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Optimising the use of experiential learning within pharmacy education


   School of Pharmacy

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  Dr Jeremy Sokhi  No more applications being accepted  Self-Funded PhD Students Only

About the Project

Emphasis on experiential learning in pharmacy undergraduate education has increased as pharmacy roles have moved away from their traditional medicines supply focus to a person-centred one with greater involvement in supporting patients with the management of their health.

Experiential learning can be achieved through a blend of workplace training and simulation in the academic setting. Workplace-based learning is considered as one of the most effective ways of translating theory into practice, however in many pharmacy higher education settings resource limitations may restrict opportunities. Therefore, it is vital that where they are used, they are designed and delivered in a way that maximises the benefits to students and stakeholders. Simulation can be an effective substitute but is not without resource implications and therefore it is equally important to ensure such learning is delivered in the most efficient and effective way possible.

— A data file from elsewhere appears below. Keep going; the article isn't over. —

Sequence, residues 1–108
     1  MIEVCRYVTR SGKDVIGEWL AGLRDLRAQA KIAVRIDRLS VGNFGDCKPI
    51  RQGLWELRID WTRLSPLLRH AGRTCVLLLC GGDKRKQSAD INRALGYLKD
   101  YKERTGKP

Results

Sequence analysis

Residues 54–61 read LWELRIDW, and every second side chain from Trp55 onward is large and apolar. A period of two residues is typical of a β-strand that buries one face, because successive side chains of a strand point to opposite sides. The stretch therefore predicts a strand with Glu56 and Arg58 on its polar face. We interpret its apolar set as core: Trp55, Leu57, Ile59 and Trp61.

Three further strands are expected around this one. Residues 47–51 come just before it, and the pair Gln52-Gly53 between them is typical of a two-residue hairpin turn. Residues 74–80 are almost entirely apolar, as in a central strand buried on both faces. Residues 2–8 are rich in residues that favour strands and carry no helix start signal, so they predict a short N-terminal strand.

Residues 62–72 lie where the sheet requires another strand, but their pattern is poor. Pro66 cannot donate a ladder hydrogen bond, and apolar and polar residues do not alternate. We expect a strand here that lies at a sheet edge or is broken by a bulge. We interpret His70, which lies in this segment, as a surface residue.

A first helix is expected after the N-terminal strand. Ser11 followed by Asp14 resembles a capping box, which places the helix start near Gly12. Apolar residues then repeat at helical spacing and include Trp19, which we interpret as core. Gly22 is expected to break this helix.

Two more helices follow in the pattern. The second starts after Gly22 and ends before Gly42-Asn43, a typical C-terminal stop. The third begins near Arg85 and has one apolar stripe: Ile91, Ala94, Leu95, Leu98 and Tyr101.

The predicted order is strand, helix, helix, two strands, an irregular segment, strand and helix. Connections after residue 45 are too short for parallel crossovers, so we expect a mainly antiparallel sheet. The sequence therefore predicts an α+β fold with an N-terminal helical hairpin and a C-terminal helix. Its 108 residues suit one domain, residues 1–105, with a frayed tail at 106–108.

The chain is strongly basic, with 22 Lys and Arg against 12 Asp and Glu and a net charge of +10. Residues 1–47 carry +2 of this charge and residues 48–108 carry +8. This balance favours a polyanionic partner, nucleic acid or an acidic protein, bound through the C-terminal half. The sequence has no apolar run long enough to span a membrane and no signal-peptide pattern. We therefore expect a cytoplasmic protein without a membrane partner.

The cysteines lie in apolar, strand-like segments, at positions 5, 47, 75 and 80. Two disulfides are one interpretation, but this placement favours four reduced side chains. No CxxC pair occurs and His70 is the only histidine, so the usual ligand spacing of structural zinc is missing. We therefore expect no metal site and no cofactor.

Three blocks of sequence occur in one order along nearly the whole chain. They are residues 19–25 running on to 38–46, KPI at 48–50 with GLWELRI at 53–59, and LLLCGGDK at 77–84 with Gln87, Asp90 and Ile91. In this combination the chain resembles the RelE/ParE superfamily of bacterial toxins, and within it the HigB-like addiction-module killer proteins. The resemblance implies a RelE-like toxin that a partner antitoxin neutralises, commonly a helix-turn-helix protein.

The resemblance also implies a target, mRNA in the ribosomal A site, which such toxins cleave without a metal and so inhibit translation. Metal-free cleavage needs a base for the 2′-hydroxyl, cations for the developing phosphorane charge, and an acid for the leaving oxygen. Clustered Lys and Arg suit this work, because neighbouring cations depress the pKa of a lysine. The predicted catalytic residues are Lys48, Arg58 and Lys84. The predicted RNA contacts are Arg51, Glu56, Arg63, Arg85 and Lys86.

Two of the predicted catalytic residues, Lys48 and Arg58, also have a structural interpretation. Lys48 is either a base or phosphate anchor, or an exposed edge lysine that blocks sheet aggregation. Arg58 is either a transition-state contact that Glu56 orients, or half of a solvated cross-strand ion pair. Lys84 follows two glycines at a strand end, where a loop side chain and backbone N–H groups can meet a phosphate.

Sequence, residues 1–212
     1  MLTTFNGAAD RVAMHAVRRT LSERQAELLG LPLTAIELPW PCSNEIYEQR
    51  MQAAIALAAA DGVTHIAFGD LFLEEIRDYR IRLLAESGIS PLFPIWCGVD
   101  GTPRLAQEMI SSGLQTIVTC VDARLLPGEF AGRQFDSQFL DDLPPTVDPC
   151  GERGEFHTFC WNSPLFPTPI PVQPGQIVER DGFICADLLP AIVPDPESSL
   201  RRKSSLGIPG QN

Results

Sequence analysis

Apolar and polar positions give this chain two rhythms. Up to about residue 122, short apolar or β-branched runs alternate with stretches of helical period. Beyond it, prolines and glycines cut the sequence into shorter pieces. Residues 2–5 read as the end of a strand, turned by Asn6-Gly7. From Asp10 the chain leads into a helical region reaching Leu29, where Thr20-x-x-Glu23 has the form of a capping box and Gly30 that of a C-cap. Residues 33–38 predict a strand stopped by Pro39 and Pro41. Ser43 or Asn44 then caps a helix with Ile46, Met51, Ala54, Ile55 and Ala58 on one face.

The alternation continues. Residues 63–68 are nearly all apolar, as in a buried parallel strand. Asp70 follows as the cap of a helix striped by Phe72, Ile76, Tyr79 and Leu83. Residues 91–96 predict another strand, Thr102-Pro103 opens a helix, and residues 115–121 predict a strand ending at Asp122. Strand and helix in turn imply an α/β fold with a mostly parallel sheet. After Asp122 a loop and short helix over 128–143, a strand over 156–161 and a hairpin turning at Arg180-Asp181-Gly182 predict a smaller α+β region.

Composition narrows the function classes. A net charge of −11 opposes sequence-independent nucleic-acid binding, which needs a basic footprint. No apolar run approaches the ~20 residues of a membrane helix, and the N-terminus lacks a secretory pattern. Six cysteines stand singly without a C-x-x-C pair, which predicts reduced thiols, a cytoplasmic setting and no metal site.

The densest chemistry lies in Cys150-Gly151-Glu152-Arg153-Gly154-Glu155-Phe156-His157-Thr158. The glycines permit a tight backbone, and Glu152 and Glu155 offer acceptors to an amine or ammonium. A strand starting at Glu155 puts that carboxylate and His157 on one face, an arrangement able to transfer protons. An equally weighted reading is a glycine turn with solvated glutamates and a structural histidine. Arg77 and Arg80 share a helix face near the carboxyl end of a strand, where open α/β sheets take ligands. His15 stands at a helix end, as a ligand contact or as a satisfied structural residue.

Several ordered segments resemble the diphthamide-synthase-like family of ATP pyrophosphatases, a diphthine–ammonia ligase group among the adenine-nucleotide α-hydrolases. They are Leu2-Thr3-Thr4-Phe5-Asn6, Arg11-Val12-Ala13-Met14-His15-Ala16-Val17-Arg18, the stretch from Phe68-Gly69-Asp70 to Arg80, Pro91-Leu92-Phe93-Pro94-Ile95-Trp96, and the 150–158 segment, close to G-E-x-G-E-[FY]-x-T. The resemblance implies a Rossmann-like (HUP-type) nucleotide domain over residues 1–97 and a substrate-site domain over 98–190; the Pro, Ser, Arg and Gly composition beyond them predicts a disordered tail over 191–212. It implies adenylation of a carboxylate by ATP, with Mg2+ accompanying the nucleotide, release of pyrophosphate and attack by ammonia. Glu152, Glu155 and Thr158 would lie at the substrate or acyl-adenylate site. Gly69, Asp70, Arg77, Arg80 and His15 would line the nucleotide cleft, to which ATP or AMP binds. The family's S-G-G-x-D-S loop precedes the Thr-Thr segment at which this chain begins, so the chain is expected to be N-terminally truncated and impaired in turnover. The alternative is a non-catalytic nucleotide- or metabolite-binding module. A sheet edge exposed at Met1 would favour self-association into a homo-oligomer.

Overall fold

This PhD will begin with a literature review of the current application of learning theories to experiential learning in healthcare professional courses. It will involve an evaluation of workplace-based learning and simulation within pharmacy education before proceeding to support the development of a revised degree programme by seeking the input of key stakeholders including students, employers, academics, and Patient and Public Involvement groups. 


Funding Notes

This PhD project is offered on a self-funding basis. It is open to applicants with funding or those applying to funding sources. Details of tuition fees can be found at https://www.uea.ac.uk/about/university-information/finance-and-procurement/finance-information-for-students/tuition-fees
A bench fee is also payable on top of the tuition fee to cover specialist equipment or laboratory costs required for the research. Applicants should contact the primary supervisor for further information about the fee associated with the project.

References

i) Sokhi J, Desborough J, Norris N, Wright DJ. Learning from community pharmacists' initial experiences of a workplace-based training program. Curr Pharm Teach Learn. 2020 Aug;12(8):932-939.
ii) Kinsey H, Sokhi J, Christou M, Wright D. Longitudinal placements for trainee pharmacists: Learning whilst improving patient care. Med Educ. 2021 Oct 29.
iii) Sokhi J, Coull N, Shiggins C, Horton S. Supported communication skills training: Evaluation of a pilot workshop for pharmacy undergraduates. Pharm Educ. 2019;19(1): 347
iv) Sokhi J. An evaluation of an MPharm workshop exploring the needs of disabled service users. Pharm Educ. 2018;18(1): 231-232
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